President Xi has on multiple occasions called for building ecological civilization for sustainable development that features harmonious coexistence between human beings and nature.

The history of the Shu Road also showcases the indomitable spirit of the Chinese people and their unwavering perseverance in the face of hardships, Professor Zhou Xueying from the School of History at Nanjing University said.

Today, these ancient mountain paths are rarely used for travel apart from sightseeing or hiking, as expressways, high-speed rail, and airways have become part of everyday life for locals. From the ancient people who carved cliff-side paths to the dense network of modern transport facilities, the evolution of the ancient Shu Road signifies the resilience imprinted in the Chinese nation’s bloodline.

Not far from the Shu Road, on the banks of a river on the Chengdu Plain, a remarkable civilization left its unique mark when Bronze Age winds blew across this ancient land. The Ancient Shu shined brightly, leaving an extraordinary cultural imprint. The Sanxingdui archaeological site from the Ancient Shu is considered one of the greatest discoveries, representing the culture from approximately 4,500 to 2,900 years ago. It was the largest and most culturally rich royal city site in the Yangtze River Basin during that period. Zhang stated that the Sanxingdui culture is a “radiant star” within Chinese culture. Its presence enriches Chinese civilization, adding more mystery to the nation.

Tang Fei, director of the Sichuan Provincial Cultural Relics and Archaeology Research Institute who participated in the visit, told the Global Times that the innovation and inclusiveness of Chinese civilization find vivid representation in San­xingdui. The open-mindedness of the Ancient Shu people and their absorption of cultural influences from the Central Plains and the middle and lower reaches of the Yangtze River led to the appearance of “imported” artifacts such as jade cong, three-legged pottery, and bronze vessels in Sanxingdui. Moreover, Sanxingdui’s uniqueness lies in its distinctive creativity. Based on the assimilation of cultures and technology from outside the region, the ancient people of ­Sanxingdui created captivating and enigmatic bronze divine trees, monumental human figures, and imposing masks – a remarkable feat when compared to other bronze civilizations around the globe.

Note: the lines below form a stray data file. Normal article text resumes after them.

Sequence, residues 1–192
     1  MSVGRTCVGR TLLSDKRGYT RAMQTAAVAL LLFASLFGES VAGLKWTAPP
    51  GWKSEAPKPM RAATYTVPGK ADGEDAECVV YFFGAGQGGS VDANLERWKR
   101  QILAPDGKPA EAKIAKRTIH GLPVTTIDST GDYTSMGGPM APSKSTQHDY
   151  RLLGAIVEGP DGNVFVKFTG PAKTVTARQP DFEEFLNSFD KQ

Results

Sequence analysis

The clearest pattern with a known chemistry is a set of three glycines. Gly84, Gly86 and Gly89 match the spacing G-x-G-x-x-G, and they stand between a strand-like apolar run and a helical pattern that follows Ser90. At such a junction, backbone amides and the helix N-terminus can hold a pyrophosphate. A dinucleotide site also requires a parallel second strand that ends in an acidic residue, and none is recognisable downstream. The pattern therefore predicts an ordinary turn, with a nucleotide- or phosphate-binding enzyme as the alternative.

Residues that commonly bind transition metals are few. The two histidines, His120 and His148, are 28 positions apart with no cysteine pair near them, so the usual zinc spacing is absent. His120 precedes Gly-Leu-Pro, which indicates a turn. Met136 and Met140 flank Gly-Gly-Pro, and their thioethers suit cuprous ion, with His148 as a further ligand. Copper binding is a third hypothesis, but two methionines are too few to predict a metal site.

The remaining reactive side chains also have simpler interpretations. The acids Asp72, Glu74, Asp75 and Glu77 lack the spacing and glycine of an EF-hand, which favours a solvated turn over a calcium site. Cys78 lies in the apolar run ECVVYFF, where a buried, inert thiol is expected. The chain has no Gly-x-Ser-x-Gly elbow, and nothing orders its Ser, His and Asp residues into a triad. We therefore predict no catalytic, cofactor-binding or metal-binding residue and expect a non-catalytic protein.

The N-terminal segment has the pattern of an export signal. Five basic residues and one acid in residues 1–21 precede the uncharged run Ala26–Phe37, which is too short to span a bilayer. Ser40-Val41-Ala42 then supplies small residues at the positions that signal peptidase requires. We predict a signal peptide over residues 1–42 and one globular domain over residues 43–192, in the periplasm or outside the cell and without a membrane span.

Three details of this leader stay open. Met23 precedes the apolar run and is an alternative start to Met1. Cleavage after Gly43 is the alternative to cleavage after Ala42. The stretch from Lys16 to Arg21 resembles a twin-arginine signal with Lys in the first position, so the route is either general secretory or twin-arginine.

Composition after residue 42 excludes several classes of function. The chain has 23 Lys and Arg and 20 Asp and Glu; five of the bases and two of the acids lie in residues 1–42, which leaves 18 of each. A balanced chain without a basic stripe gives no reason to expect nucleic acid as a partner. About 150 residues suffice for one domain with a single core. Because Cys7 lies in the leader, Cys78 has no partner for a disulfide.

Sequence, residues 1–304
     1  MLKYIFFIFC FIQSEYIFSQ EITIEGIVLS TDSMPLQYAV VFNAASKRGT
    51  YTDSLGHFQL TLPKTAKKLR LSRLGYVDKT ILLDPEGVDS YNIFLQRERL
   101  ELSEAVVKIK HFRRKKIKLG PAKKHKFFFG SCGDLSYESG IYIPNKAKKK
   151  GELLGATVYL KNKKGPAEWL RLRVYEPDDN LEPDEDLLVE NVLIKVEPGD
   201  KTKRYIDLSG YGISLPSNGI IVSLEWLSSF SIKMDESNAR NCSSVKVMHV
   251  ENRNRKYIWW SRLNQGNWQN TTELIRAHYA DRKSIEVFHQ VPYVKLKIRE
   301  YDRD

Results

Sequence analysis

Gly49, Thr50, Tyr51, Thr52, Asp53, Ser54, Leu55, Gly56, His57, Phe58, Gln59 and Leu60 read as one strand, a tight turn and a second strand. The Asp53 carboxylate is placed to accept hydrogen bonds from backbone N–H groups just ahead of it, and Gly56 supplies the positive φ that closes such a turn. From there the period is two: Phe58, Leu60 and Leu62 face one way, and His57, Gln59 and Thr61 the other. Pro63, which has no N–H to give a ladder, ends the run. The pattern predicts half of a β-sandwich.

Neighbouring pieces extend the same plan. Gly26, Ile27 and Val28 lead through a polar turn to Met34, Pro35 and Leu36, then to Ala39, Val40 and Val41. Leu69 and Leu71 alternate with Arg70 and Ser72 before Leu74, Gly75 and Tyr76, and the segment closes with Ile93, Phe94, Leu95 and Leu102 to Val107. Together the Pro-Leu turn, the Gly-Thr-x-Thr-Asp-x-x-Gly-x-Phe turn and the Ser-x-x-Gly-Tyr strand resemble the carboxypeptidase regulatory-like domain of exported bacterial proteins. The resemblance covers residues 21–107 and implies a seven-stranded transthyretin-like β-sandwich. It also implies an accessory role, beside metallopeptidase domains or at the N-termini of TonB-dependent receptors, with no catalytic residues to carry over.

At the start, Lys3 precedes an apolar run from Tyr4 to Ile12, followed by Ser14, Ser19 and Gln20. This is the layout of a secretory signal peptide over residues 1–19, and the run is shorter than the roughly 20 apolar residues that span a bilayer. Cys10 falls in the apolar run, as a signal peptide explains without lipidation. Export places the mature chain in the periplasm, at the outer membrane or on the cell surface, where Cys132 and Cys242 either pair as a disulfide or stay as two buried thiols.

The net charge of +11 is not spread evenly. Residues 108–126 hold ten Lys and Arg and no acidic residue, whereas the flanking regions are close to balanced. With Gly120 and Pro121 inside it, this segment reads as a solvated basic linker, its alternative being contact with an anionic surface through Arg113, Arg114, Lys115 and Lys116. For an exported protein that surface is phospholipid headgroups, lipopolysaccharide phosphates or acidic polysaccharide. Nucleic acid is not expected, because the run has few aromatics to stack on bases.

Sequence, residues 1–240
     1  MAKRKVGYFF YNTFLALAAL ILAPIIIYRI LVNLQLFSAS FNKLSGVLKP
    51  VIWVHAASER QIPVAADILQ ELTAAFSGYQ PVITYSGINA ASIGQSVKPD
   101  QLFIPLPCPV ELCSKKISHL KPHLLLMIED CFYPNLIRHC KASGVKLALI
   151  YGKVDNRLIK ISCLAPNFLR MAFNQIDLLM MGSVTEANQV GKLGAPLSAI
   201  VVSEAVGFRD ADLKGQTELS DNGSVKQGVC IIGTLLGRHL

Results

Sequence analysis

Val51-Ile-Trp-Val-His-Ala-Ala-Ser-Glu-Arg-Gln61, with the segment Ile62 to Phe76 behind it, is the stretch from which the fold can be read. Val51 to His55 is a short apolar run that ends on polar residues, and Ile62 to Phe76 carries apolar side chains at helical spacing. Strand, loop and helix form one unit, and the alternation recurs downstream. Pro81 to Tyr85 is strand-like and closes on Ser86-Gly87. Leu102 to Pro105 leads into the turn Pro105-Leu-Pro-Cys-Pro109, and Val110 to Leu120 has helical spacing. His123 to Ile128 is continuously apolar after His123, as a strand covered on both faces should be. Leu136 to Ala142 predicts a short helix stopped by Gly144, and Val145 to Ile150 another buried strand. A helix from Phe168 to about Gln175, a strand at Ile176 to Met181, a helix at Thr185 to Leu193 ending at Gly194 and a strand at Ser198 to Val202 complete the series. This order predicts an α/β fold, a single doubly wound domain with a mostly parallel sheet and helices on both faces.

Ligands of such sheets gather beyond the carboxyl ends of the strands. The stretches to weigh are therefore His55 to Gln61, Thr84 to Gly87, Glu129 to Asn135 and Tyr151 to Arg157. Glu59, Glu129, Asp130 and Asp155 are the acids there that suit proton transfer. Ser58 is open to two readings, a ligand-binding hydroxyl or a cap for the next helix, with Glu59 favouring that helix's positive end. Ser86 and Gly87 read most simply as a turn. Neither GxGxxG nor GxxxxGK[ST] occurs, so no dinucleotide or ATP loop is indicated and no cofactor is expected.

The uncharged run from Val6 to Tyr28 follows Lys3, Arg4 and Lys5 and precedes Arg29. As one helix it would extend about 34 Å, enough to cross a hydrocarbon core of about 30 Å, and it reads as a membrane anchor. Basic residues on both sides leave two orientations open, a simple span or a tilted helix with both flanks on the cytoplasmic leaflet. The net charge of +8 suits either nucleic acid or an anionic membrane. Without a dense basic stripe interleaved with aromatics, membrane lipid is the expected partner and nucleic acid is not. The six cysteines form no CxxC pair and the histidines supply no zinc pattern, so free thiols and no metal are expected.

Also taking part in the visit, Ran Honglin, head of the archaeological team at the ­Sanxingdui Ruins, told the Global Times that many bronzes and jades related to sacrificial activities at Sanxingdui are unique in China and even the world.

Confidence from inheritance

It’s not the first time President Xi has called for carrying forward and learning from fine traditional Chinese culture in Sichuan.

Xi once emphasized that the Chinese people should respect fine traditional Chinese culture and build up cultural confidence while visiting San Su Ci, the memorial temple and former residence of Su Xun and his two sons Su Shi and Su Zhe, three literary masters of the Northern Song Dynasty (960-1127), to learn about local efforts in protecting historical and cultural heritage, in Meishan, Sichuan Province, on June 8, 2022.

Chinese culture has a long and continuous history while Chinese civilization is extensive and profound. A profound understanding of the history of Chinese civilization is essential to promoting the creative transformation and innovative development of fine traditional Chinese culture in a more effective manner, pushing more strongly ahead with the building of a cultural sector with Chinese characteristics and developing a modern Chinese civilization, Xi said in a meeting on cultural inheritance and development on June 2.